Vermont is a small state known for its picturesque landscape and perceived by many Americans as a rural getaway. What many may not have guesses is that it is also the heroin capital of America and is in a desperate fight to stabilize a drug problem that is invading every sector of its society.
To give a picture of just how desperate the situation is becoming, just last month the governor of Vermont, Peter Schumlin, devoted his entire annul address to his state’s current crisis over the dangerous drug. That was the entire speech folks. No Obamacare, no same-sex marriage, no political scandal, just a full on appeal to raise awareness to his constituents about the problems their state is facing.
Schumlin said that each week $2 million worth of heroin is brought into Vermont through highways leading from cities like Boston, New York, Holyoke and Springfield. These are believed to be the major pipelines for pumping heroin into the state.
The governor also said that the amount of people who seek treatment for an opiate or heroin addiction is up 770 percent since 2000. That is almost eight times as many cases. Unfortunately, the increase in addicts has not been leveling itself out either. the amount of heroin related deaths have almost doubled in only the last year.
More bad news is that Vermont is not the only state reeling from drug addiction. The Centers for Disease Control agreed with nationwide experts who claim that the current level of overdose deaths in America is at “epidemic” proportions. Dr. Harry L. Chen, the health commissioner for Vermont, said that since 1990, the rate of deaths caused from an overdose has tripled. He said that, “Nationwide, more people die of drug overdoses than from motor vehicle crashes.”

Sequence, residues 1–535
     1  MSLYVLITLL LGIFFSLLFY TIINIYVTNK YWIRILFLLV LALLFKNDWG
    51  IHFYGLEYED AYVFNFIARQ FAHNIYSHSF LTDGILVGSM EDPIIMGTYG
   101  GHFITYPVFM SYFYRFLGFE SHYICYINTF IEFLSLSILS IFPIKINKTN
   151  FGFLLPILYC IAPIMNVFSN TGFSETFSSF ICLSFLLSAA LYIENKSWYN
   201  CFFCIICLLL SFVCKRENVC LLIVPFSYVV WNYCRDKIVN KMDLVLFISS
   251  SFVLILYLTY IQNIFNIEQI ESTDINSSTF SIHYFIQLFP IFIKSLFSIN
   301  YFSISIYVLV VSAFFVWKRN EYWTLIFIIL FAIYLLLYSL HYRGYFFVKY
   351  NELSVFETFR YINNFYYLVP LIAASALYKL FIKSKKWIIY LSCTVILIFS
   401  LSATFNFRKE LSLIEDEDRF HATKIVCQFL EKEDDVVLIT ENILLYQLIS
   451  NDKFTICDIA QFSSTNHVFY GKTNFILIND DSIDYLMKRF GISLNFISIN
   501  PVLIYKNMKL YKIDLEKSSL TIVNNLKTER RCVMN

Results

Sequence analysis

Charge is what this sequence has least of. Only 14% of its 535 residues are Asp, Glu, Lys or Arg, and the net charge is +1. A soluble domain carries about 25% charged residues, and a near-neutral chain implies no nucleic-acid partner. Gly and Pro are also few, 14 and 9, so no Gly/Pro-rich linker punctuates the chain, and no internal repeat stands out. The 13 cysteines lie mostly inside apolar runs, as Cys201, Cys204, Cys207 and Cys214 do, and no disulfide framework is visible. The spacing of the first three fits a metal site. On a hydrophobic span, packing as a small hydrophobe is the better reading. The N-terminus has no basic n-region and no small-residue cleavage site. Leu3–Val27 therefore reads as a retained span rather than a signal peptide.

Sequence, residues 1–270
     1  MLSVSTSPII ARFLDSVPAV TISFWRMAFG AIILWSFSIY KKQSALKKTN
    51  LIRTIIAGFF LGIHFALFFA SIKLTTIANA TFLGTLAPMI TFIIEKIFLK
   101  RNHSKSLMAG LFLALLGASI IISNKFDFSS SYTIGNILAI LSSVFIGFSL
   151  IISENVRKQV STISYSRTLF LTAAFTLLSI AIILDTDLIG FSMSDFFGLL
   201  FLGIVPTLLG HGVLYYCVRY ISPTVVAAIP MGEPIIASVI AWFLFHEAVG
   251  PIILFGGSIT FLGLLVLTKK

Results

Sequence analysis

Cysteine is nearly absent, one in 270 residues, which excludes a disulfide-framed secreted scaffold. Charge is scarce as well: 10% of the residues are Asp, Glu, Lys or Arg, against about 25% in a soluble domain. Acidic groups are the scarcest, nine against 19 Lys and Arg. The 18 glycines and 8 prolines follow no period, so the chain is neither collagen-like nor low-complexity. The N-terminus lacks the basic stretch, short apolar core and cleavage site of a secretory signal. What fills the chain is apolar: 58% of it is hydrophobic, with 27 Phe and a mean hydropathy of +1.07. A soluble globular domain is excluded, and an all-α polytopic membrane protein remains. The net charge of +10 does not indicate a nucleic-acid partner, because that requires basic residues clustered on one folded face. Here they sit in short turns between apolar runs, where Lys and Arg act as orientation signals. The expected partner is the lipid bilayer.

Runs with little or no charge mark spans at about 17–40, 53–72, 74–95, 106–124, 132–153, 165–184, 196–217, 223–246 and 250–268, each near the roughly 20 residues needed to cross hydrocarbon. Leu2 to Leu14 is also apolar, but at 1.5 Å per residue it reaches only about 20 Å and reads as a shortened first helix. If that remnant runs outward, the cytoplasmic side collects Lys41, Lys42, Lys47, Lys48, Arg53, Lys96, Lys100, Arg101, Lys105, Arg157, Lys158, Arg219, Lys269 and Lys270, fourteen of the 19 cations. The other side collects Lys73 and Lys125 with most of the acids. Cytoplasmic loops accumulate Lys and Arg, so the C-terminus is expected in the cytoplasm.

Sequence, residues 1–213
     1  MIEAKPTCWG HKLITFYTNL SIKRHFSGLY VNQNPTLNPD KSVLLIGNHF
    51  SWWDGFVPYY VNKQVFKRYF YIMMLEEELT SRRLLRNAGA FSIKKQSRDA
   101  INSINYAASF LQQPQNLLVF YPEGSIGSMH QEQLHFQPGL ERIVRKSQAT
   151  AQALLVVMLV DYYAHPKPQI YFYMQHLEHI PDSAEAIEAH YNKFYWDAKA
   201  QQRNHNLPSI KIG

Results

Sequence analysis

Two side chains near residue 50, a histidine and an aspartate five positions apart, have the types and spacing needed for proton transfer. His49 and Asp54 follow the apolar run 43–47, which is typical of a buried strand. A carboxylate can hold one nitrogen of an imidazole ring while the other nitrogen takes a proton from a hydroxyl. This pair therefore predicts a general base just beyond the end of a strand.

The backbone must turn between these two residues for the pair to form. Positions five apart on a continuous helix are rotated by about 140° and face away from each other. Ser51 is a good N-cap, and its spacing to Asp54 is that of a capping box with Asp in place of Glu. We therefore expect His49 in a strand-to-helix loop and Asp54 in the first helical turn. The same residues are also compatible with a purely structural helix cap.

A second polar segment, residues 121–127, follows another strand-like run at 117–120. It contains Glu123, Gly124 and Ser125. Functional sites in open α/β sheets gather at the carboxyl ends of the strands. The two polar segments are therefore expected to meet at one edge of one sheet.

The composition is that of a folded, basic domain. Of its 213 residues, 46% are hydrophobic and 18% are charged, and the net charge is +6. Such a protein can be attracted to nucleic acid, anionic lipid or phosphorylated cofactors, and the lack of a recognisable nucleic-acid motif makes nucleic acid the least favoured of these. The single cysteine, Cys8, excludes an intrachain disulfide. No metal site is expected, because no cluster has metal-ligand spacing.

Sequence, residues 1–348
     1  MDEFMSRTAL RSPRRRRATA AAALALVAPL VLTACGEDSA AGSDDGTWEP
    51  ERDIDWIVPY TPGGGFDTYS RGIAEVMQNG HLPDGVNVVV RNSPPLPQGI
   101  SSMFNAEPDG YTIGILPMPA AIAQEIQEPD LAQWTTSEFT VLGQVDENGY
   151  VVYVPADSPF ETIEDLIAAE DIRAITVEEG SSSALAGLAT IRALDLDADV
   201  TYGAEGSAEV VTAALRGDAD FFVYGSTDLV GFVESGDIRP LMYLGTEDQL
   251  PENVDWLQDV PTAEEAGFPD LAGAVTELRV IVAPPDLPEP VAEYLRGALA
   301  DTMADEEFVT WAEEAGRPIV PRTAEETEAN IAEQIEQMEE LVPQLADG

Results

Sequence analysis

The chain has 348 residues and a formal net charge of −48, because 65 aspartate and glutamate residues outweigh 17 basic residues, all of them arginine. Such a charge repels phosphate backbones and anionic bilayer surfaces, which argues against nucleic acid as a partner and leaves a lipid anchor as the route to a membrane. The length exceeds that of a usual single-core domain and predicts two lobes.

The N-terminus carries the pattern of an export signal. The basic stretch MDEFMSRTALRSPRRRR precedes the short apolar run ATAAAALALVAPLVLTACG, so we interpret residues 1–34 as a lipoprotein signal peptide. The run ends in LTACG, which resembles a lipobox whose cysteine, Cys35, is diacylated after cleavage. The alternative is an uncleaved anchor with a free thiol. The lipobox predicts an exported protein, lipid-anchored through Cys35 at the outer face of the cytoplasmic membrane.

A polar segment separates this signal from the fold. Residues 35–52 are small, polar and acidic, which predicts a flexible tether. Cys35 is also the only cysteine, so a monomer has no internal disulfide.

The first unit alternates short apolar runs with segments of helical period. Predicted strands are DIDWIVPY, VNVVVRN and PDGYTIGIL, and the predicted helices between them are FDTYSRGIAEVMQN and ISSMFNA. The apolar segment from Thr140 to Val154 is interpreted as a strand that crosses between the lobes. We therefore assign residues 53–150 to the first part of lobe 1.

The highest rates of these abuse cases are found in the Northeast and more specifically New England. The only reasons given for this geographical coincidence is that dealers have quick access to large cities like Philadelphia, New York and Boston and that users in these areas are willing to pay large amounts for the drug.
Experts estimate that $6 worth of heroin in New York can be sold for $10 in rural New England. It is speculated that it can even be sold for $30 or 40$ in the northern reaches of New England.
Governor Schumlin also pointed out that nearly 80 percent of inmates in a prison in Vermont are in jail on drug related charges. Some agree that the only way to fight this problem is through the kind of gritty awareness the governor was proposing by devoting so much time to it during his speech, but other Republican challengers say that he should have allowed for other hot button issues like health care.
Whether the governor’s plea will spark widespread change in the way we monitor heroin use in the country, or at least in his state, waits to be seen. It does appear however that Vermont’s epidemic of heroin trafficking and abuse will receive the kind of attention is deserves after such a momentous, and straight forwards appeal for recognition.
By Nick Manai